A Much Better model for travel

We're in the midst of a climate and biodiveristy crisis.

We all know nature holds many of the keys to reversing that trend.

So we started Much Better Adventures with a single-minded goal:

To protect the world’s wild places, one adventure at a time.

We’re on a mission to build the world’s most positive impact adventure company.

In essence, our model covers three key areas;

1. Reducing carbon

We measure and report on our carbon footprint annually and have a transparent carbon reduction plan in place that you can follow here.

5% of our revenues (not profits) go in to our Foundation, primarily focussed on conservation, re-forestation and rewilding projects chosen for their potential to remove at least 2x more carbon from the atmosphere than enter it as a result of our trips.

We also co-founded and continue to lead co-ordination of the Tourism Declares a Climate Emergency movement

2. Benefiting local communities

Some our biggest long term impacts come from the model and trips themselves.

By working with 100% locally owned, independent businesses, our platform model ensures of every $100 spent, $80 on average goes into the local economy. The UN reports* that that number is as low as $5 for typical mass tourism, which we think is plain criminal.

This is incredibly important for conservation, because it creates viable local economic alternatives in rural areas, and increases the value of conserving natural landscapes.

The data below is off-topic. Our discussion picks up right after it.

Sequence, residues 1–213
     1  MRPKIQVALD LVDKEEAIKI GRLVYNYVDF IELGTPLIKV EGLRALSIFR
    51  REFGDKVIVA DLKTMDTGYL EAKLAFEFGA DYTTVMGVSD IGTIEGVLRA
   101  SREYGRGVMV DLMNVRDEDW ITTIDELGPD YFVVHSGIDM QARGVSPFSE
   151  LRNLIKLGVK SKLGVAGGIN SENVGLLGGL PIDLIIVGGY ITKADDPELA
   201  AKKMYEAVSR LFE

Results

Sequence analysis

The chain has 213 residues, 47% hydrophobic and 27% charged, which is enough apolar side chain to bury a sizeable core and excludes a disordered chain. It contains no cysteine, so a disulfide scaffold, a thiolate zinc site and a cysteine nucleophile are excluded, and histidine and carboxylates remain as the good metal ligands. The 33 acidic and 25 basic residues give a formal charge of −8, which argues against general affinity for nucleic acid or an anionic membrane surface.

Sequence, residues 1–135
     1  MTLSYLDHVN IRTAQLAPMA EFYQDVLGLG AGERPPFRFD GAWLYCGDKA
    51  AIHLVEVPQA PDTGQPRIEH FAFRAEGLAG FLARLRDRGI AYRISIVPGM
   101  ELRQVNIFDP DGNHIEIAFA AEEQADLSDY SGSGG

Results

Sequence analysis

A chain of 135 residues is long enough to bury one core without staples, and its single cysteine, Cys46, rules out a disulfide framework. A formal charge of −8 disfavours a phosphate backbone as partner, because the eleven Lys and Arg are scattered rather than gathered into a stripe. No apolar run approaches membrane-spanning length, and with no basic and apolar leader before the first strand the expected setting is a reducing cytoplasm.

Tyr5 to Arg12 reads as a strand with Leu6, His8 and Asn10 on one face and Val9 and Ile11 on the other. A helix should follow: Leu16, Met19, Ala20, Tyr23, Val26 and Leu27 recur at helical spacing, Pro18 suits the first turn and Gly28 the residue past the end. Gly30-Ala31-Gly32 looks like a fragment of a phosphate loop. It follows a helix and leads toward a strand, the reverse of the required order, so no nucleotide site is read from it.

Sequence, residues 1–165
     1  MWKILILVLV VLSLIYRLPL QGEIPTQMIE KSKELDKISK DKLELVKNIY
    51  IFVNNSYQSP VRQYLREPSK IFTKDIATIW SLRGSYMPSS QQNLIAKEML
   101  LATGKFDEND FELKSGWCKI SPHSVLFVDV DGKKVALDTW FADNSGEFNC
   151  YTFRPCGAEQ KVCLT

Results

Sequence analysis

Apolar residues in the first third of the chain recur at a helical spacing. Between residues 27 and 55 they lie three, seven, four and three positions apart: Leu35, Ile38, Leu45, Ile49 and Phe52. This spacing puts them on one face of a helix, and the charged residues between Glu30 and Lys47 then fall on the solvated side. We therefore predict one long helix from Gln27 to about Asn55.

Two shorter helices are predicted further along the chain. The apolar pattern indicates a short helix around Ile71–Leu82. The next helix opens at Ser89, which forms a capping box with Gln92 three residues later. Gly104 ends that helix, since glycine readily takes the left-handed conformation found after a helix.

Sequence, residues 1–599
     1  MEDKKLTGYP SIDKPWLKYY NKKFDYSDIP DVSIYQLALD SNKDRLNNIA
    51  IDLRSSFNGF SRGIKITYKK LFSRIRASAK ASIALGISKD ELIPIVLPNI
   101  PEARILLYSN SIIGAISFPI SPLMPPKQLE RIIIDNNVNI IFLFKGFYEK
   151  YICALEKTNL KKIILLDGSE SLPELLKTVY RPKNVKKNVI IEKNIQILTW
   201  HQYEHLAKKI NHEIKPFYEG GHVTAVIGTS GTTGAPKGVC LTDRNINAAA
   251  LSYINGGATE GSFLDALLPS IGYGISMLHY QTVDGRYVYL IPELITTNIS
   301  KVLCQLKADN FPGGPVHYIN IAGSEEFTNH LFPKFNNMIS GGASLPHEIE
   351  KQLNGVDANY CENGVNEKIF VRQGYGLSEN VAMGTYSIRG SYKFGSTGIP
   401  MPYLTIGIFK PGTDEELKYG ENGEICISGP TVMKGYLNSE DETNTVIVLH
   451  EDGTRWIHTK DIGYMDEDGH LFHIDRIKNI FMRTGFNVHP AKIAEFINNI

Here's a few practical examples of how our trips are designed to directly support local community goals;

Community-Based Tourism in Indonesia.
Social Enterprise in Rwanda.
Youth Empowerment in Nepal.

3. Backing important conservation work

As well as donating 5% of our revenues to conservation work, we work with non-profits, NGO’s, conservationists and activists to campaign on important issues, and design adventures that can make a difference.

Check out Adventures Not Dams, a campaign to raise awareness of controversial plans to dam the Vjosa, Europe’s last free flowing river.

We ran rafting trips on the river and created a mini-documentary which got featured in international press, including Guardian and Telegraph. The dam was due to be built in 2018, and due to international pressure it is now being reviewed in Brussels.

Here's a few other practical examples of how our trips are designed to directly support conservation goals;

Brown bears in Greece.
Polar Bears in Svalbard.
Turtles in Indonesia.

Next steps

We aim to be one of the most planet-positive businesses out there, and provide leadership for our whole industry to improve. It’s a journey, we’ve made a start, but there is a long way to go. Our short-term roadmap includes;

  • Becoming certified B corp.
  • Linking every trip with a local conservation project it directly supports.
  • Working with local partners to publish a transparent local economic impact score for each trip.
  • Going single-use plastic free across all our trips.

Constant improvement

We don't claim to have all the answers, but are committed to transparently sharing our progress and learnings, and invite feedback at any time to help us improve.

Ultimately we do believe that that travel, rather than part of the problem, can be a major part of the solution. Too often it is not.

For us, it's a mission, a philosophy and a way of life.

We owe it to the world to never stop working at it.


*see the UNWTO global report on adventure tourism.